RFT Founder Ray Hartmann Really Lets the NRA Have It

Categories: Politics
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This is the kind of gun used to kill 27 in Newtown
Some you readers are gun-rights absolutists. We know this from the comments you leave on our blog posts.

Thus you may be interested to know that on Friday,  just hours after a deranged young man shot and killed 27 people (including 20 children) in a Connecticut school, Riverfront Times' founder Ray Hartmann wrote a message directly to you on the blog of his St. Louis Magazine
Those poor little children in Connecticut were a lot more precious than your Second Amendment rights could ever be.

Chew on that for a second.

Now, anybody who's ever watched Donnybrook will know that Hartmann leans left, but that doesn't mean he's a dove: Just hours after the barbaric attacks of September 11, 2001, he wrote in our pages (which were still his at the time) that if the jihadists insist on war, then we should oblige them with one.

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RFT founder Ray Hartmann
Similarly, on Friday, Hartmann wrote that our nation has just suffered a 9/11-type tragedy on gun control, and we should declare war on assault weapons. His solution: Renew the 1994 federal assault weapons ban.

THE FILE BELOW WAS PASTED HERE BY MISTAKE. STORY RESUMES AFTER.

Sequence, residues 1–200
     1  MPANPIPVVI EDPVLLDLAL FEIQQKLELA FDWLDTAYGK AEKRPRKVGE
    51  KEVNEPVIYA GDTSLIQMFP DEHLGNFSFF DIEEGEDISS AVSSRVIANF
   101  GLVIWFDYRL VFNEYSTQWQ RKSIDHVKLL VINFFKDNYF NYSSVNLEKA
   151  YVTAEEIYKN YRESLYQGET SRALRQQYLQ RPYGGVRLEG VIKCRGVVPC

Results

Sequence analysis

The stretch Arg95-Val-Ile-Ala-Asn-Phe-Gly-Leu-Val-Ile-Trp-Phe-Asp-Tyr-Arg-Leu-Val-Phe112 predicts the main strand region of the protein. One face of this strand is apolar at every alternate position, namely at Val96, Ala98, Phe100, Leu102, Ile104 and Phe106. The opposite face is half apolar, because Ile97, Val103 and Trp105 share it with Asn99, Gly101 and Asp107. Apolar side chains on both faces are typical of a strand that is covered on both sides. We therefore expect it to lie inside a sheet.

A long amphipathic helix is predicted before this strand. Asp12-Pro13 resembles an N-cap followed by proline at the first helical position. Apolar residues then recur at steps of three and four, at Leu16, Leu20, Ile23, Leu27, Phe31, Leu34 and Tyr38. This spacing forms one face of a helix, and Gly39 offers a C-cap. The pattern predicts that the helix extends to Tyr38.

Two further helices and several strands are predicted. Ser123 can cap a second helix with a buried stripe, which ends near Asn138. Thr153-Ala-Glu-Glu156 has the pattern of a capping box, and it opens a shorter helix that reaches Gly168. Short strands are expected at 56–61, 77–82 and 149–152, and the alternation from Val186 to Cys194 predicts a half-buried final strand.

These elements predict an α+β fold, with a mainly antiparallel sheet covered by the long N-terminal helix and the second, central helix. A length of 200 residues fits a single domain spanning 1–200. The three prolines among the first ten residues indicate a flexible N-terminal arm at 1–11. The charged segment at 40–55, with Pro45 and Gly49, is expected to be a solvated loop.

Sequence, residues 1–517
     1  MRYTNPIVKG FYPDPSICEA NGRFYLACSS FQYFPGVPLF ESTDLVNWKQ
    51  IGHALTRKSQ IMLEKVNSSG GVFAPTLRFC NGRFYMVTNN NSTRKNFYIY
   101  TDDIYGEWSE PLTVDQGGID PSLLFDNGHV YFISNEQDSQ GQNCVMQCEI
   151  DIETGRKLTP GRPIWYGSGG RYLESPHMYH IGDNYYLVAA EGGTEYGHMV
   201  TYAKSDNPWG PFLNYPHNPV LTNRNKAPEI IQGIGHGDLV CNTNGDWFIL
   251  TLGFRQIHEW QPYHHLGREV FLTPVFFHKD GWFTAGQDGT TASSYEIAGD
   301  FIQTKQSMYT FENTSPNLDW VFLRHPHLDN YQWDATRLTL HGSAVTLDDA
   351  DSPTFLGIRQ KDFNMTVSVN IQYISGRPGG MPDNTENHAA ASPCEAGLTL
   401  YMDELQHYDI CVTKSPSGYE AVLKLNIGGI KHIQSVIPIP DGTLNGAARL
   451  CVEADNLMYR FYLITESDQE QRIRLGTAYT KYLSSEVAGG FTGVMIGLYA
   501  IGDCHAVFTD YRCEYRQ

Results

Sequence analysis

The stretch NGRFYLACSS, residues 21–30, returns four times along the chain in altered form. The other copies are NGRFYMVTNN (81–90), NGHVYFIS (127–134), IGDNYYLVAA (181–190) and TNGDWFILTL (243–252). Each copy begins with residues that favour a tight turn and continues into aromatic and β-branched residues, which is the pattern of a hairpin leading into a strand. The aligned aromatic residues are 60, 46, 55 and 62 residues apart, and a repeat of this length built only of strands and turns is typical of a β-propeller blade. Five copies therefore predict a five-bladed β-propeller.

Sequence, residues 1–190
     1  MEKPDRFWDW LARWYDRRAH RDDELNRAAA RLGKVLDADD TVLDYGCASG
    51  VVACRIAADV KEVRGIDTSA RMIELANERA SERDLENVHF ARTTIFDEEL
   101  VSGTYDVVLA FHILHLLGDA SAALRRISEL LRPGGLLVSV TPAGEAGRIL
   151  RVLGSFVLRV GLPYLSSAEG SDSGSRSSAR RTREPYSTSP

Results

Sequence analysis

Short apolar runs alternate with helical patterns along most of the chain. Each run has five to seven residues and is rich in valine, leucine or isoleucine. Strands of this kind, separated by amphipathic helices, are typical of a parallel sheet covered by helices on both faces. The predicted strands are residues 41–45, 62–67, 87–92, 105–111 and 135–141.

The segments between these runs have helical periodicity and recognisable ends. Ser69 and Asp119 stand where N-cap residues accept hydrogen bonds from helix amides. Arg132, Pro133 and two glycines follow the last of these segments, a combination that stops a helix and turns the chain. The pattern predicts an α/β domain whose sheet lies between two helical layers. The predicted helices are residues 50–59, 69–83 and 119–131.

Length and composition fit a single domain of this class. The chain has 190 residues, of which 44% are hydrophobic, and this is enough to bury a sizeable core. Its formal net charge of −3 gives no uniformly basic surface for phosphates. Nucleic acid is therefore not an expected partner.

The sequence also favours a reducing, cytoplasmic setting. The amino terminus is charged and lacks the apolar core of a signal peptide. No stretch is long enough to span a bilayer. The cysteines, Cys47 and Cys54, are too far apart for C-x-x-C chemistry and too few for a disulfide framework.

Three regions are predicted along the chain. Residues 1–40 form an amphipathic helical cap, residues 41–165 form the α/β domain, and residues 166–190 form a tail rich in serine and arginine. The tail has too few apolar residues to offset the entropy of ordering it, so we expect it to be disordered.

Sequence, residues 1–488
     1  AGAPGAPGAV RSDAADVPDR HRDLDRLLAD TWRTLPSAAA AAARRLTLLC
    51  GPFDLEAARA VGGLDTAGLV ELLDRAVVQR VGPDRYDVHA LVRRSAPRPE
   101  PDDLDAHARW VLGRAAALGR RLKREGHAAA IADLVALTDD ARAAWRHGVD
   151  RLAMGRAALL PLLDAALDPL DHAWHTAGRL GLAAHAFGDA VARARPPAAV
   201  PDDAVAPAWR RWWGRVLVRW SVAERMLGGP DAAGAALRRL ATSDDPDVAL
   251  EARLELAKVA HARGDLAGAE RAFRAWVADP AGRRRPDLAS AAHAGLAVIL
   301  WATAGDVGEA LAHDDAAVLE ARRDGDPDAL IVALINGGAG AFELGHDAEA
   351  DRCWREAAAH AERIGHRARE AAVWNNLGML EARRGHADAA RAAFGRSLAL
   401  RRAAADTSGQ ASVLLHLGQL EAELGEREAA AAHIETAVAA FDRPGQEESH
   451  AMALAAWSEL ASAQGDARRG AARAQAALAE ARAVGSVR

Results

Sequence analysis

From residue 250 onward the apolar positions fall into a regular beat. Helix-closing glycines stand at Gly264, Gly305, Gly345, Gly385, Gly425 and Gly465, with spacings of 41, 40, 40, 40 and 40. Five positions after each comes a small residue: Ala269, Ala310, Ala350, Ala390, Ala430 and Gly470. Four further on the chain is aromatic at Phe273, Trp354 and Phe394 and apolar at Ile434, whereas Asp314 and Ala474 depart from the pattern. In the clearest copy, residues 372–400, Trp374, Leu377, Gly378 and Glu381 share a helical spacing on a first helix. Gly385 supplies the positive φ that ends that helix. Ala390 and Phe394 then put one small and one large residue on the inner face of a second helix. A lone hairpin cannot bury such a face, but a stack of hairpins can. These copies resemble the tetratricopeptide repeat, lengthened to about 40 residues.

That law, which expired in 2004, prohibited certain assault weapons and magazines with more than 10 rounds.

What difference would this have made in Newtown? The media is now reporting that police who investigated the grisly crime scene in Newtown recovered several spent magazines of 30 rounds.

It stands to reason that if the shooter would've had to reload more often, he would've been slowed down. Perhaps a few lives would've been spared before authorities caught up with him.

(A gun-rights absolutist might argue that, no, a ban on high-capacity magazines wouldn't even have helped because the madman could've just reloaded really fast. Well then, fine: You can do the same thing when you're "defending" your property with an over-the-top assault rifle used by Western militaries)

So why did the assault weapons ban expire in 2004? Hartmann blames the influence of the National Rifle Association, and wonders what they're doing right now:

The NRA can go to hell.

If NRA honcho Wayne LaPierre was a real man, he'd make his way to Connecticut to explain to those grieving parents that the guns didn't kill their children, the shooter did. Or maybe he could tell them that the tragedy could have been avoided if only the teachers had been armed, or perhaps the children were themselves. Or maybe he could tell them about how precious the Second Amendment is.